Tim Kaine: The Spanish-speaking, anti-abortion Democratic senator
The reputation that proceeded Tim Kaine before he appeared in the vice-presidential debate was of a mild-mannered Democrat, occasionally known to play his harmonica.
But television viewers saw another side to the nice-guy Virginia senator as he assumed the role of attack dog against Republican rival Mike Pence.
Kaine, who has described himself as "boring", was picked in July by Hillary Clinton to be her vice-presidential running mate.
Serving in Congress since 2012, he was elected after serving as Virginia's governor for four years - a title he won in part by getting support in areas of the state usually dominated by conservatives.
As governor, Mr Kaine supported expanding early childhood education, digitising historical records, and smoking bans.
While in the Senate, he has served on committees for Armed Services, Aging, Budget and Foreign Relations. He is a former head of the Democratic National Committee.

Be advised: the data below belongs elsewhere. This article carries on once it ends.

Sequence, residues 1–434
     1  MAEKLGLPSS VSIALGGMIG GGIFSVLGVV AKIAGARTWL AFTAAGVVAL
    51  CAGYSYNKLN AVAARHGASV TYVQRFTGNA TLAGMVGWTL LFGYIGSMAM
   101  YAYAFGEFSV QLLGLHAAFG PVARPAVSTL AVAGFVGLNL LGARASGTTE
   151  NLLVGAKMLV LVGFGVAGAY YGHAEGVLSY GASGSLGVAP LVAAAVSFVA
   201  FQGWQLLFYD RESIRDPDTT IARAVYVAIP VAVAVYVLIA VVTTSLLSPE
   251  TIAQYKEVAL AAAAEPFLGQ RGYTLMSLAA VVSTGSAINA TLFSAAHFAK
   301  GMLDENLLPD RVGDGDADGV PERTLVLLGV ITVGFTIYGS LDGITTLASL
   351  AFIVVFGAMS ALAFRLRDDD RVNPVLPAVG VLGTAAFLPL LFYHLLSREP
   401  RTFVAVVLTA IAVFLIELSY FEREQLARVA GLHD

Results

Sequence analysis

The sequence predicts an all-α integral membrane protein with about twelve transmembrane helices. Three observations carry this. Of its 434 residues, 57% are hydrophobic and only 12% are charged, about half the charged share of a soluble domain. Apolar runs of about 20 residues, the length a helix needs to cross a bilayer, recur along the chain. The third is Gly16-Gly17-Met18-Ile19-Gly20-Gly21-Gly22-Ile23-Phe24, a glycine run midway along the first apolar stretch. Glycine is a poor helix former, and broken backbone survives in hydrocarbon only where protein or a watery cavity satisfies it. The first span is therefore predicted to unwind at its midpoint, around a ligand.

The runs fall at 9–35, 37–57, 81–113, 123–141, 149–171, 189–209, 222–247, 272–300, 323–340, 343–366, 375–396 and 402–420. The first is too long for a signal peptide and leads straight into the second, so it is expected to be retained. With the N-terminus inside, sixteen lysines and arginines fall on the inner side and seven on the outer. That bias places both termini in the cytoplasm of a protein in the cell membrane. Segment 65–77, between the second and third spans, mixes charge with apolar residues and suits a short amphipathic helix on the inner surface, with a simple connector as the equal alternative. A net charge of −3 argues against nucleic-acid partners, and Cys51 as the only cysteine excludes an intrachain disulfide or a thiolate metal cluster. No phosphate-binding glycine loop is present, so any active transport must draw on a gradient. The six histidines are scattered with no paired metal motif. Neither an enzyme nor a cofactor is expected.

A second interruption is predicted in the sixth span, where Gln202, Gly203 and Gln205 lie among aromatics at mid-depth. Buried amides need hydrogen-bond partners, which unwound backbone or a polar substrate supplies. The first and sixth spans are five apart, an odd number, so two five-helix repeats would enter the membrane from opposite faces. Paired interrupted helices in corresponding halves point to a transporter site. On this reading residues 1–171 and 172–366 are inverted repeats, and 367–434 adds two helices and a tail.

Before Mr Kaine began his career as a lawyer focused on housing rights, he spent a year volunteering alongside Jesuit missionaries in Honduras. There, he became fluent in Spanish - a skill that could help Mrs Clinton's Hispanic outreach.
He is popular with the White House, and was on the short list for Barack Obama's running mate in 2008. Bill Clinton was said to push for Mr Kaine's appointment to be Clinton's VP.
However, his support for free trade and deregulating local banks make him unpopular with more progressive members of the party.
A practising Catholic, he is personally opposed to abortion. While he is committed to the broader tenets of Roe v Wade, including a woman's right to choose, he supports restrictions on certain types of abortion, parental consent laws and "informed consent" practices.
Although he has lived in Virginia for most of his adult life, and is a huge bluegrass music fan and harmonica player, he is originally from Minnesota and was raised in Kansas. He has a Midwestern appeal that Mrs Clinton could rely on to help gain voters in the Rust Belt.
Virginia is considered a swing state, and Mr Kaine's popularity could improve Clinton's chances there.
Should Mrs Clinton win the election, Virginia's Democratic governor would appoint someone to temporarily fill Mr Kaine's Senate seat, and a special election would be held in 2017.